On Veterans Day, it’s typical and appropriate to see countless homages, salutes, and earnest formal and informal appreciation ceremonies for military servicemen and servicewomen in every electronic and paper medium that we encounter. It’s part of who we are. It’s part of how we got where we are.
I get it. We all get it.
Sometimes, however, Veterans Day observances annoy me. And not because I’m unpatriotic. I simply feel conflicted.
I’ve been told — or, perhaps, better put, “corrected” — that America is not the land of the free, home of the brave, but, in fact, the land of the free because of the brave.
Is this really true?
I don’t think most folks would find my answer or my questions very patriotic.
Last Jan. 16 marked the 30th anniversary of the six-week Gulf War in Iraq. This past September marked the 20th anniversary of 9/11, which resulted in the invasion of Iraq (again, in 2003), which had nothing to do with the 9/11 attack, so let’s be honest. Back then, were the national pep rallies and resultant increased military enlistments to wage these wars a product of bravery or military-industrial complex knavery? Or simple dupery?
Former vice president — and Halliburton magnate — Dick Cheney is smiling.
Should I defend my country, right or wrong? Seems like that’s a painful mistake we’ve made in the past.
Should I simply love it or leave it?
Philosophically speaking, the infamous, pro-war “Love It or Leave” charge is a classic false dilemma. It reduces an issue to a puerile, simplistic either/or proposition. Americans really seem to love simplistic either/or propositions, but they’re hardly ever useful or productive — or correct.
World War II can be viewed as a legitimate, necessary either/or equation that we, in the end — or ’til the end — needed to answer and did answer. And arguably well. Except in the end. The use of nuclear weapons on unsuspecting civilian population centers was arguably the greatest single-instant terrorist act in human history.
The Korean War was hardly legitimate. The Vietnam War was entirely illegitimate and could be argued to comprise a long-running war crime or a regimen of crimes against humanity. Reagan’s four-day invasion of Grenada (ridiculously code-named Operation Urgent Fury) in 1983 was little more than a pathetic press-op to cover for cutting and running in Lebanon after the American embassy in Beirut was bombed a few months earlier. And the last two Gulf wars in the Middle East were simply errands for Big Oil (the second offering a nice a little side-dash for the massive naturally occurring lithium deposit in Afghanistan).
I try not to have a problem with folks saying “Thank you for your service” to veterans in person, on TV, radio, podcast, campaign trail, whatever, but the phrasing sometimes bothers me. Take this past Veterans Day, for example.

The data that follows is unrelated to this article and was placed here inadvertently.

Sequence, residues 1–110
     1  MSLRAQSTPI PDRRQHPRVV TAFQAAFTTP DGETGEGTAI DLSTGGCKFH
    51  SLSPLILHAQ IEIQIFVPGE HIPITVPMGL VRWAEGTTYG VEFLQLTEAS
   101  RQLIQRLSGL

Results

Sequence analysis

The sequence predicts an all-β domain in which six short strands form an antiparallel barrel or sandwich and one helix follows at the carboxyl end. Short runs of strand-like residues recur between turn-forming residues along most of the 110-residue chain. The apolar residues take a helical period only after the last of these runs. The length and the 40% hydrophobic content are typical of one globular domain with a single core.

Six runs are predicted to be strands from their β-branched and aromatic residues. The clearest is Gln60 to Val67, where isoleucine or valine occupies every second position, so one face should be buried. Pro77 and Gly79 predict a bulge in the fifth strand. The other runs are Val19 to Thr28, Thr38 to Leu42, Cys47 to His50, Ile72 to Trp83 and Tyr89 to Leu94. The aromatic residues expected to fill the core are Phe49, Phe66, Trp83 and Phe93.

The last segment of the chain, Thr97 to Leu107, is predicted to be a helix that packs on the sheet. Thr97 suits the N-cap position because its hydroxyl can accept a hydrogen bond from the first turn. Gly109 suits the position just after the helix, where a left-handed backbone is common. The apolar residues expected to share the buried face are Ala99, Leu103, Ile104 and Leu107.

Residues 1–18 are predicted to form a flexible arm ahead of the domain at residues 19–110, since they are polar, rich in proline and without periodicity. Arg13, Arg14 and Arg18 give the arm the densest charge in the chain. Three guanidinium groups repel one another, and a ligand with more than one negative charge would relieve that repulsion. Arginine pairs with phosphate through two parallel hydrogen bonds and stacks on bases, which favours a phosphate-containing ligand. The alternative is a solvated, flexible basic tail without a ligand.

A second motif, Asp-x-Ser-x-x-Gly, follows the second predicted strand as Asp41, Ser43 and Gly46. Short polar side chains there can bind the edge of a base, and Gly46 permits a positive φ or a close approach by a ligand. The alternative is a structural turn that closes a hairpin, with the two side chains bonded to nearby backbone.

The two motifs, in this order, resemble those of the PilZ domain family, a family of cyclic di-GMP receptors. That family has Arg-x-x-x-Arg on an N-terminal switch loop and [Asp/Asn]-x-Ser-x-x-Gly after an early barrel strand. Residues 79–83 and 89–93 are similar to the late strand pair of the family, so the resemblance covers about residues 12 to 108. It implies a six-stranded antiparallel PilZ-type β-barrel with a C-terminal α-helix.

On one mildly interesting Texana page on a popular social platform, I encountered an image of a soldier with a caption featuring the proud proclamation, “Truly we stand on the shoulders of giants. My father in Vietnam, 1967.”
This is where I get into trouble.
I appreciate the platform administrator’s father’s service, but give me a break. If there were any giants in America’s war against Vietnam, they were all Goliath. And Vietnam’s David smote us in a poetic and Biblical sense.
In his farewell address 60 years ago, President Dwight D. Eisenhower warned against a new threat to American democracy: “In the councils of government, we must guard against the acquisition of unwarranted influence, whether sought or unsought, by the military-industrial complex. The potential for the disastrous rise of misplaced power exists and will persist.”
We didn’t heed Ike’s warning, and, for the last three decades, warmongers have called the shots.
Hell, ask Barack Obama, the former Droner-in-Chief. Do you think he would have survived a stand against American Empire?
Lucky for the military-industrial complex, Americans have short memories and weren’t real astute students of history to begin with, but our nation’s belligerent foreign diplomacy makes us look like giant, ignorant, insufferable assholes who stood on the shoulders of more giant, ignorant, insufferable assholes.
And this is where I get into more trouble.
With all due respect, most of the time when we thank our veterans for their “service,” we’re not really thanking them for their dedication, commitment, or sacrifice to worthy or even just causes. We’re simply thanking them for putting their lives, limbs, and sanity on the line for our bullshit.
Shame on us. — E.R. Bills
E.R. Bills is the author of Fear and Loathing in the Lone Star State (2021) and The 1910 Slocum Massacre: An Act of Genocide in East Texas (2014).
This column reflects the opinions of the author and not the Fort Worth Weekly. To submit a column, please email Editor Anthony Mariani at Anthony@FWWeekly.com. Columns will be gently edited for factuality and clarity.
I spent 2 years 10 months and 8 days in the US Army (69-71) and I really don’t want to be thanked for my so called “service”. Nothing I did while in the military, especially the year I spent in Vietnam, was of any “service” or of benefit to humanity. I can easily do without such rote, vapid sentiments.
E.R. Bills: VERY. WELL. SAID. And true as hell!